You might think that if a laptop ships with any Linux distribution, then it would stand to reason that it would be loaded with free and open source software, but the truth is that it's not that simple or even intuitive. For example, it's true that the Linux kernel is an open source project and that it's freely distributable, but there are some people in the community that say it's not enough.

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Open Source Online Game Gets Students Excited About Linux

Filed under
GNU
Linux
Gaming

When Razvan Rughinis began teaching the introductory operating systems course at University Politehnica of Bucharest in Romania 10 years ago, he was challenged to get students interested in Linux and keep them interested for the entire three-month course.

Many first-year computer science students have no experience with Linux, and they have no interest in learning it, said Rughinis a professor in the Computer Science and Engineering Department. And those students who do know Linux are regarded as unusual and treated as social outcasts, he said.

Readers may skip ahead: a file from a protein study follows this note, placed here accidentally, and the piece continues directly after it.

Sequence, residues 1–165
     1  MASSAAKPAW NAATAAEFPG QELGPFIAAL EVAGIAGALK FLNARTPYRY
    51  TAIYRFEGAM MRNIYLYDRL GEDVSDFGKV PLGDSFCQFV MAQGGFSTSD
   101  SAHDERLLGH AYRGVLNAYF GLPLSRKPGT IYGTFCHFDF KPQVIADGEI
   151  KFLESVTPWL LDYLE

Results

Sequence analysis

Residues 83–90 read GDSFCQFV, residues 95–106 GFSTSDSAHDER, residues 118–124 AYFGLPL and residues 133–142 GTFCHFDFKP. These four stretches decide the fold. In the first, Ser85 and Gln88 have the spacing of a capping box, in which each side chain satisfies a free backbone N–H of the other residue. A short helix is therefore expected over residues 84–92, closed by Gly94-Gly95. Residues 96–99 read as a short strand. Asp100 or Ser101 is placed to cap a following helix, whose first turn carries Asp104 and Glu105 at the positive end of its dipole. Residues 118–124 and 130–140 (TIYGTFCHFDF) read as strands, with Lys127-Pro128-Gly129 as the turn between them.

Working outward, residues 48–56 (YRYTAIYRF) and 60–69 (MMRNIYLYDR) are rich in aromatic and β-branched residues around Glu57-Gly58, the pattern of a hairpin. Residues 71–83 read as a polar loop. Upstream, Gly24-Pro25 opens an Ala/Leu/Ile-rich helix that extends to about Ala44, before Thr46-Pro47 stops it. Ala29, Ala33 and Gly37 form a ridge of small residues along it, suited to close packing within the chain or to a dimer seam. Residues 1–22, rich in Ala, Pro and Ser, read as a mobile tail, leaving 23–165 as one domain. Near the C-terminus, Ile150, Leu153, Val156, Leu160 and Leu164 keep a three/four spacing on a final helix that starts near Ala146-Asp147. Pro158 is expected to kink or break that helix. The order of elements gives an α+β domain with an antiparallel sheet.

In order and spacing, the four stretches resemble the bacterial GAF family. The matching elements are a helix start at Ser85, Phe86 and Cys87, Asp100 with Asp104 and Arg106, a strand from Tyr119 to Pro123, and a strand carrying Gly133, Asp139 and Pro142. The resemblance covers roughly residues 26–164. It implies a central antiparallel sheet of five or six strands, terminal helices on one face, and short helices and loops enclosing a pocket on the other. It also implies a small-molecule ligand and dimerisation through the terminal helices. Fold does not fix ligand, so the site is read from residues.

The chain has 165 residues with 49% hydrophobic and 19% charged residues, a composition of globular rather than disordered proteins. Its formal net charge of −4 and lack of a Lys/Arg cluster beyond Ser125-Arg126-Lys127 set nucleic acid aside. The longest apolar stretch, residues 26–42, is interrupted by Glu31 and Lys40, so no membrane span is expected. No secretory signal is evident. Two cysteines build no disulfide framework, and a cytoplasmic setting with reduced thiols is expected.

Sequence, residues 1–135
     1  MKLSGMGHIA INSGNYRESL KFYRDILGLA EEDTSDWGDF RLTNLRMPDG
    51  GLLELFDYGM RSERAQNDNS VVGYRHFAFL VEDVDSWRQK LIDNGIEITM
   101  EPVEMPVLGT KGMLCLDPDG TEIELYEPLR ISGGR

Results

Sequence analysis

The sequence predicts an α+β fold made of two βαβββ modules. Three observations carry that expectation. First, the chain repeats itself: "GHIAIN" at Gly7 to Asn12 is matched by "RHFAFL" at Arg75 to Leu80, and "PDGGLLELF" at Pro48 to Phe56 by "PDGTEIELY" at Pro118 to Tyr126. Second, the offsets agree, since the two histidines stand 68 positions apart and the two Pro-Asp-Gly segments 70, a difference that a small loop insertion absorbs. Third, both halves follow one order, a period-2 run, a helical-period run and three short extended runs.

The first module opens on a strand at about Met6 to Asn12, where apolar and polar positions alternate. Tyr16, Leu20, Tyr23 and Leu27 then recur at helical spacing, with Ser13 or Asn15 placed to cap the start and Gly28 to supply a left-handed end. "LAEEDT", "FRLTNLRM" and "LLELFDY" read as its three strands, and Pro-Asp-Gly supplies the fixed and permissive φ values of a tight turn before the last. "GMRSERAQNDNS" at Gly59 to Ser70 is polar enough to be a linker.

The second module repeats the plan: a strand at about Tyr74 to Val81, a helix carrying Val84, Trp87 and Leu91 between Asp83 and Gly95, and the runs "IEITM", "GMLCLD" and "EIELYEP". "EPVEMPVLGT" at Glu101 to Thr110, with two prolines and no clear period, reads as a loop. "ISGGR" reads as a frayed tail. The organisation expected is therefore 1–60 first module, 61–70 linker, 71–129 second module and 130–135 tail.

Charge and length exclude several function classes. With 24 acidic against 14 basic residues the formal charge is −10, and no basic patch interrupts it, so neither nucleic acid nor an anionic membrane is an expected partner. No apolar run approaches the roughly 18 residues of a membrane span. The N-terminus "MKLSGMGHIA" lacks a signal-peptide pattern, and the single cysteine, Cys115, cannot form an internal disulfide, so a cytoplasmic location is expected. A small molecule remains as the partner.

“They wouldn't pay attention to the first experience to see what Linux has to offer; not just the desktop, but how the services work and the depth of the system,” he said. “It's a steep learning curve for students coming from high school. Their first encounter was too difficult.”

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Chromebooks rising, SteamOS stalling, Linux's civil war: The World Beyond Windows' 10 biggest stories of the year

Filed under
GNU
Linux

If imitation is the sincerest form of flattery, then Microsoft has nothing but good things to say about Linux. Windows 10 is abandoning many of the more jarring changes of Windows 8—while simultaneously copying features from Linux.